By Michael Aaron Coopersmith | firstname.lastname@example.org
Procrastination is one of the hardest things to fight off while a college student. I have dealt with procrastination’s adverse effects: staying up at ungodly hours to complete work that I could have just completed during the day.
The worst part of this nasty habit is that it only grows into a bigger problem if it’s not addressed.
The first step to fighting procrastination is to recognize that you or someone you know is a procrastinator. I know this sounds like a cheesy first step, but we must take it on to become a more efficient person.The first step to fighting procrastination is to recognize that you or someone you know is a procrastinator.
Recognize the problem inside the psyche and recognize that procrastination can hurt others that might depend on you or someone you know, be it working in groups, clubs, or even an on-campus job.
It’s almost like being an uncoordinated gear in a clock. If someone moves at a different pace, they are only hurting the group’s progression.
With this recognition and acceptance that you or some you know is a procrastinator, we come to how we can begin to fight off the growing problem of procrastination.
Time mismanagement is one of the crucial things that leads to procrastination. It’s usually due to not writing what has to be done down on a piece of paper or into an organizational tool like Google Calendar or an agenda.
Making a list of what needs to be done can help in two-fold: having it written down and visualizing how long an objective will take, dictating each task’s amount of time. By putting it in the head, we can better understand what we have to do.
After completing this visualization and creating a list about how long a task will take. It comes down to the most challenging part for any procrastinator … doing what’s been written down.
With better time management and taking time to figure out what has to be done and what will take longer, one can dedicate time more efficiently by knocking out the smaller things on the list before the more challenging tasks come to the surface.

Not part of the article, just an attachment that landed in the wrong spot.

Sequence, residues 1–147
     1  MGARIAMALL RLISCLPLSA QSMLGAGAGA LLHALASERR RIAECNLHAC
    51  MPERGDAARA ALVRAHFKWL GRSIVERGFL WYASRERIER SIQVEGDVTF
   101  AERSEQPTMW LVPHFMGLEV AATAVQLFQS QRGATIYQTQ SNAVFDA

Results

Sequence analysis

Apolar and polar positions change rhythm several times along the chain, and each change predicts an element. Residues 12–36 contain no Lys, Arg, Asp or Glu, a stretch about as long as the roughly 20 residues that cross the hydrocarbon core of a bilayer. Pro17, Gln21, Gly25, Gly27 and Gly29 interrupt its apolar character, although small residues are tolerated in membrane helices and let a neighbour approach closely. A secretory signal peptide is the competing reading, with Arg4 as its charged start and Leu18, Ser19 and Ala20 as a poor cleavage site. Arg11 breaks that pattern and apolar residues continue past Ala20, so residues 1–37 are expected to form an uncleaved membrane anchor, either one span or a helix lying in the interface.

The best piece of advice that I can give is taking each thing on the written list one step at a time.The procrastinator is usually plagued with having to do everything in one great big rush, generally due to last-minute urgency.
Usually, setting time is an excellent way to keep on task, and slowly condition the brain to work with time instead of rushing against it.
Because time is technically infinite (being all relative), we, as humans, have such little time on this earth. Yet, we still chose to put off important things within a day, leading us to a fight against time, a force that ever marches forward.
We need to take a step back and look at what we have to do, collect ourselves, and then act within a plan we set with small conditioning practices to keep us going.
In “no time,” the tasks will be done with, and usually, there is a great feeling of satisfaction. “Procrastination is the thief of time,” a proverbial quote Edward Young, an English poet and dramatist, once said.
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